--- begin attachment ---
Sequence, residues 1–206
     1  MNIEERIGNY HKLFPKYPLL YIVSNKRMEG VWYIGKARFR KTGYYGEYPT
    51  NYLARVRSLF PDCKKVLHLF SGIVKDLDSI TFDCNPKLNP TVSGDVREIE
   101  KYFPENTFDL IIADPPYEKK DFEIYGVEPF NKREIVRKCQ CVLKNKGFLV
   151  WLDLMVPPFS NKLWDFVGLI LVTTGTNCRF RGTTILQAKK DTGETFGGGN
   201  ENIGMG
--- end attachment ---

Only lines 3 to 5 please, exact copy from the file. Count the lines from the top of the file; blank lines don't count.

    51  NYLARVRSLF PDCKKVLHLF SGIVKDLDSI TFDCNPKLNP TVSGDVREIE
   101  KYFPENTFDL IIADPPYEKK DFEIYGVEPF NKREIVRKCQ CVLKNKGFLV
   151  WLDLMVPPFS NKLWDFVGLI LVTTGTNCRF RGTTILQAKK DTGETFGGGN